Student Blog: 12 May 2014

Finally, after many hours of travelling we arrived at the Hoedspruit Endangered Species Centre (HESC). We are five students joining the programme – one from England (Carol), one from Canada (Katherine), and three from Denmark (Kiea, Andreas and Sofie). On our first day we were on a tour around the Centre were told stories about the animals – the two lions from the circus, all the different cheetahs, the two ground hornbills and the rhinos without horns. In the evening we had a braai (South African barbeque) with the staff.
Throughout our first week we learned how to prepare meat for the big cats – removing the fat, and adding supplement. Process done 3 times a week. Also we take turns in feeding the small animals – the black footed cats, the African wildcats, servals and different antelopes.
One of the most prevalent animals throughout our stay has been Varkie the warthog. Varkie had been attacked by another warthog and we observed the veterinarian treat his wounds. Still affected by the anaesthetics he broke out of his makeshift ward for Kapama Reserve. Fortunately he visited the student camp (Nungu Camp) the following week and his wounds appeared to be healing as is his fragile trust bond with his human friends.
During the first week the meat truck arrived half full of frozen meat. As we groaned and emptied the meat truck a recently released cheetah made us a surprise visit having smelled the meat.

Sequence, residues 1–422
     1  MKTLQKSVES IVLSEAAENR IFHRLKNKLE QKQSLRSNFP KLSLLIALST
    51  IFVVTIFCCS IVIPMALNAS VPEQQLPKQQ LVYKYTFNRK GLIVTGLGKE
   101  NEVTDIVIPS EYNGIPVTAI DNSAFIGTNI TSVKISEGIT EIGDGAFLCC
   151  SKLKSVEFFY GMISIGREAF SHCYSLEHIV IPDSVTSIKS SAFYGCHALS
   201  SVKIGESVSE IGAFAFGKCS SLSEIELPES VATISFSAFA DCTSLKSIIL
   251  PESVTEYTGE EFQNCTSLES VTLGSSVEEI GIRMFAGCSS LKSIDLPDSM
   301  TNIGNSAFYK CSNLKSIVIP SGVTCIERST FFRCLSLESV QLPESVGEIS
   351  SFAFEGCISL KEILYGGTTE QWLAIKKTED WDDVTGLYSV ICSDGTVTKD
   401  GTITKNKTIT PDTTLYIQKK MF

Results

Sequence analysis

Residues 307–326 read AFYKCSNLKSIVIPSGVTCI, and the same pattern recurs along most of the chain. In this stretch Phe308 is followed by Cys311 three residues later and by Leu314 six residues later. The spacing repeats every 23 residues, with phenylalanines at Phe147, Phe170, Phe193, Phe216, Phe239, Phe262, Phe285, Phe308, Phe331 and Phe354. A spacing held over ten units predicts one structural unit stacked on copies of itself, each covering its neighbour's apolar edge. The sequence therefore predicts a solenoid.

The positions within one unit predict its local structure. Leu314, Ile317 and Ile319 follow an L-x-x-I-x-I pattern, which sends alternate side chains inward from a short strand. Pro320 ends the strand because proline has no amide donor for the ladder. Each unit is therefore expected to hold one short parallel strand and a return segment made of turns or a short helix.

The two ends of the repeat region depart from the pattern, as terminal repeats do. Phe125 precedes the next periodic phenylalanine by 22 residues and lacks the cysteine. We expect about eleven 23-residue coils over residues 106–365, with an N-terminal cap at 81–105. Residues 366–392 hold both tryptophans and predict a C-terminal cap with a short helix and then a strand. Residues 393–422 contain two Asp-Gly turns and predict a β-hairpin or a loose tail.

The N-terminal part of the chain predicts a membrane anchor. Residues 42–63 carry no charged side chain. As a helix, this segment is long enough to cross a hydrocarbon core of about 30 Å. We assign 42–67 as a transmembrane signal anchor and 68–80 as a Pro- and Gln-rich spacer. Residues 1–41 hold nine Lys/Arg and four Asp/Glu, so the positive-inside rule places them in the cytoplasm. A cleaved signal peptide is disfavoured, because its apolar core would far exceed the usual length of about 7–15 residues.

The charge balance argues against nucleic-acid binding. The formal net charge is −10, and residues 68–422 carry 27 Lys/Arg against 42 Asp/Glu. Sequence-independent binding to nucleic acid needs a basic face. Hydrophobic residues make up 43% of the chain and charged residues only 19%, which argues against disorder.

We frequently give rib pieces to the resident lions and a pack of wild dogs. Sitting in the back of the meat truck as the wild dogs chased its smell was very exciting because it was almost like being the prey of a wild dog hunt.
Each weekend we have an optional day, and the first weekend we chose to go to Induna Adventure Centre where we riverrafted or geckoed. Afterwards we went across the road to a restaurant where we had our lunch. On the weekends we also make dinner, and we each chose traditional meals from our home countries.
The second week we went to the Protrack anti-poaching unit’s headquarters and had a lecture from one of the trainers. At the training camp he explained some of the rules of the training programme and showed us many of the snares that the poachers use. Afterwards we went to our weekly trip to town for food, shopping and use of the internet facilities.
Wednesday night we went for a 3 hour game drive in Kapama Reserve. We had the opportunity to follow a young male coalition of lions for over an hour.
This afternoon we are off to a reptile centre.
Many more exciting adventures to come: to be continued!
 

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